Economies across the globe are under pressure as they try to digest the devastating effects of the coronavirus outbreak, with central banks stepping in to help businesses and employees survive the crisis.
The pandemic is the greatest challenge to the global economy since the 2008 financial crisis, wiping trillions off stock markets worldwide, disrupting global supply chains and bringing some sectors, such as tourism, to a complete halt. It's only natural for salaries and jobs to be affected.
To offset this in the UAE, authorities have rolled out a Dh126 billion stimulus package to support the economy, which includes Dh100bn in support from the Central Bank of the UAE to help lenders offer financial relief to consumers and small businesses. Support measures include debt repayment holidays for up to six months and lower charges. Meanwhile, free zones, utility companies, developers and schools have also announced fee cuts to help ease the strain on our personal finances.
One of the first steps someone whose income is affected by the outbreak should take is to contact their bank to ask for a payment holiday on any debt obligations, says Ambareen Musa, founder and chief executive of money comparison site Souqalmal.com.
“For those with an active mortgage, auto loan or personal loan, relief from repayments may just be one call away,” she says. “You can also take advantage of interest-free instalment plans of up to six months (in some cases with zero processing fees) on school fee payments, grocery purchases as well as utility bill payments made with your credit card.”
She also advises cutting all discretionary spending. “Stick to the basics and cancel all memberships and subscriptions that you don’t need,” she adds.
Louis Lebbos, founding partner of AstroLabs, a Mena-wide training academy and accelerator, which has a co-working space in Dubai, says SMEs should “try to be creative” during these times. “For example, we changed all our face-to-face training programmes, accelerators and incubators into remote live formats,” he says. "We also created new programmes for companies working on improving their e-commerce offering, which is crucial at this time."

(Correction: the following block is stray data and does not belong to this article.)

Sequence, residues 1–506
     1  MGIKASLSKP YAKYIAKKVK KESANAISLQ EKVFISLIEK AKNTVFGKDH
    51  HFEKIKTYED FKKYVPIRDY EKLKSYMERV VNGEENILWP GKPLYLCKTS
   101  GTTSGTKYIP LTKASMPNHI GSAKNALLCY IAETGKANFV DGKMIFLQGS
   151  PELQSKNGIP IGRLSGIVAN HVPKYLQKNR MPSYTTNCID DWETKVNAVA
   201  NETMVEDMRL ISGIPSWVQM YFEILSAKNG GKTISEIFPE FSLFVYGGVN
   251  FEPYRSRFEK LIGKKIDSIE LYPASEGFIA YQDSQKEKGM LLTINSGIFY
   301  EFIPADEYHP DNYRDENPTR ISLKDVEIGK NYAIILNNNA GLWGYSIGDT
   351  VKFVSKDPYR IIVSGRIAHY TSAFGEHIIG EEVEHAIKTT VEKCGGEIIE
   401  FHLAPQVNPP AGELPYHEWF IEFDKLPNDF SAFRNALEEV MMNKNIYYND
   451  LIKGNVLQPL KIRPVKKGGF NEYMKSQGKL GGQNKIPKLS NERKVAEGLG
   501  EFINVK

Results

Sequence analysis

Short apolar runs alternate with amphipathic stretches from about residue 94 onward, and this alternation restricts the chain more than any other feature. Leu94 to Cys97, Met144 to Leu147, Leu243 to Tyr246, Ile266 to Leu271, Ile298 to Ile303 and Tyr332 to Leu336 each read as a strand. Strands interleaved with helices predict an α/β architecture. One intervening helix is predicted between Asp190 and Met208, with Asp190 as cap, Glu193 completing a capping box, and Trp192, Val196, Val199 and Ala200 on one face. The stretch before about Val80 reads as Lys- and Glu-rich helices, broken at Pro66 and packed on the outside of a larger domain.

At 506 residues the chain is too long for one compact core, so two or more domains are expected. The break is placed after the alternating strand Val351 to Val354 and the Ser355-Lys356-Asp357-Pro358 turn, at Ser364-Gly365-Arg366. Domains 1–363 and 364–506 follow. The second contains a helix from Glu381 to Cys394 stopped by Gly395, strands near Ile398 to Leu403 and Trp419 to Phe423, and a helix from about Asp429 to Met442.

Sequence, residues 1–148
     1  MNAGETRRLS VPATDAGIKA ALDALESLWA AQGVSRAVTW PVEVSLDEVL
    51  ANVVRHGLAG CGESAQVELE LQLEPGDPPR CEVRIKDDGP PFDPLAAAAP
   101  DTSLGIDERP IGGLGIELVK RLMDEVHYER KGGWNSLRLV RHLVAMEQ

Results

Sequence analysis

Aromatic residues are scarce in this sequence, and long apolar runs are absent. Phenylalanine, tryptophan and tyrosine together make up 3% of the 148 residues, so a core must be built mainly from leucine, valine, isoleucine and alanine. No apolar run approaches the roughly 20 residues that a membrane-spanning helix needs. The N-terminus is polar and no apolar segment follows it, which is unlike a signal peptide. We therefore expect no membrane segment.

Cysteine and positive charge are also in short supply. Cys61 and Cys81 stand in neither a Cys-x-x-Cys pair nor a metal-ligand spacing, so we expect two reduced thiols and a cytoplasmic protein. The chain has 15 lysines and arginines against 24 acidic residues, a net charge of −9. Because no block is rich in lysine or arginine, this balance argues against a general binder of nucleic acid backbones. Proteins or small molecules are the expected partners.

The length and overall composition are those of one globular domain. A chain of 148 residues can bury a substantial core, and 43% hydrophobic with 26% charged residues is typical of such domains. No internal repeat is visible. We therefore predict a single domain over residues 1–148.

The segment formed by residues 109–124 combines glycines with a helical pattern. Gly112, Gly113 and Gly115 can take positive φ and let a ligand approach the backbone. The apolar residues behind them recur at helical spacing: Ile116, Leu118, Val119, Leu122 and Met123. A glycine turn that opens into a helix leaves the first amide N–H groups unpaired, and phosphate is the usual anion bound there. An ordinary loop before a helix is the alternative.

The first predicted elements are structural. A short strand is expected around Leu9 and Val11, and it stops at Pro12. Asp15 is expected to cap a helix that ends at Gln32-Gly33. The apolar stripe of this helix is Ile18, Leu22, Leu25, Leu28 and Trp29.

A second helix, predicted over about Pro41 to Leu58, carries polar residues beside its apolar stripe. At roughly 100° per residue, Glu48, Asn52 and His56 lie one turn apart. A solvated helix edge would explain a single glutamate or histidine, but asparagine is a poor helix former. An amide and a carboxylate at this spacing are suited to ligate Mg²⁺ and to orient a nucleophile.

Adam Zargar, director of Dubai-based UAE Coaching, a life coaching company, says with every crisis comes an opportunity. “There will always be volatile situations and each has its own narrative and ‘end-of-the-world’ feel - the financial crisis of 2008-09 or Sars, for instance. People end up believing the situation will not be recoverable - even though it always has been," he says.
For now, Mr Lebbos advises making "cost cuts immediately”.
“We hope to get out of this soon, but you should be planning for a scenario where this lasts a few months. It might be cost avoidance or cost delays – which, in some instances, are easier," he says. "Finally, ask for help: we’re all in this together. This is our age’s test and we must rise up to it.”
Here, four UAE residents reveal how their finances have been affected by the outbreak:
"I've been saving more money for the past two months just in case"
Tuan Phan, of non-profit community SimplyFi.org, says he has been saving a little extra every month since January when the outbreak started “just in case”, and has added an extra Dh2,000 to his Dh5,000 UAE cash reserve.
At the start of the year, he cut his budget back to the bare bones to save an extra Dh5,000, getting rid of his home internet package, bulk-buying and putting a stop to meals out. He also slashed entertainment and supermarket bills back to a maximum spend of Dh1,000-Dh1,500 in total.
After flights were cancelled going in and out of the UAE, his wife, Betty, and their two young children have remained in Lagos, Nigeria, where they were visiting family.
So Mr Phan is now budgeting to pay for their extended stay in Africa, sending his wife Dh5,000 to buy supplies for herself and her parents, who are in the high-risk category, as well as Dh4,500 to his brother in Australia to buy extra supplies and medicine for himself and their mother, who has autoimmune problems and needs to remain isolated.
He says everyone should “hold on to any spare cash and limit any use of credit cards”. “You don’t want to make it through this pandemic with a big financial hole that takes years to recover from,” he warns.
"I'm worried about my retirement pot"
Haitham Essam, a 43-year-old business development director, says he is worried he will lose the retirement pot he invested in a laundry company.
Mr Essam, an Egyptian who lives in Jumeirah Beach Residence with his wife, invested in the company three years ago when it was a small shop about to go bankrupt. He and four partners poured in Dh2.5 million and it had finally reached a positive cash flow just this year.
"The plan was that, in three years, this alone could be my retirement plan, or the business that I can fully depend on if I quit my full-time job," he says. "I am grateful I still have my job but it is a big hit and who can factor this into their plans?”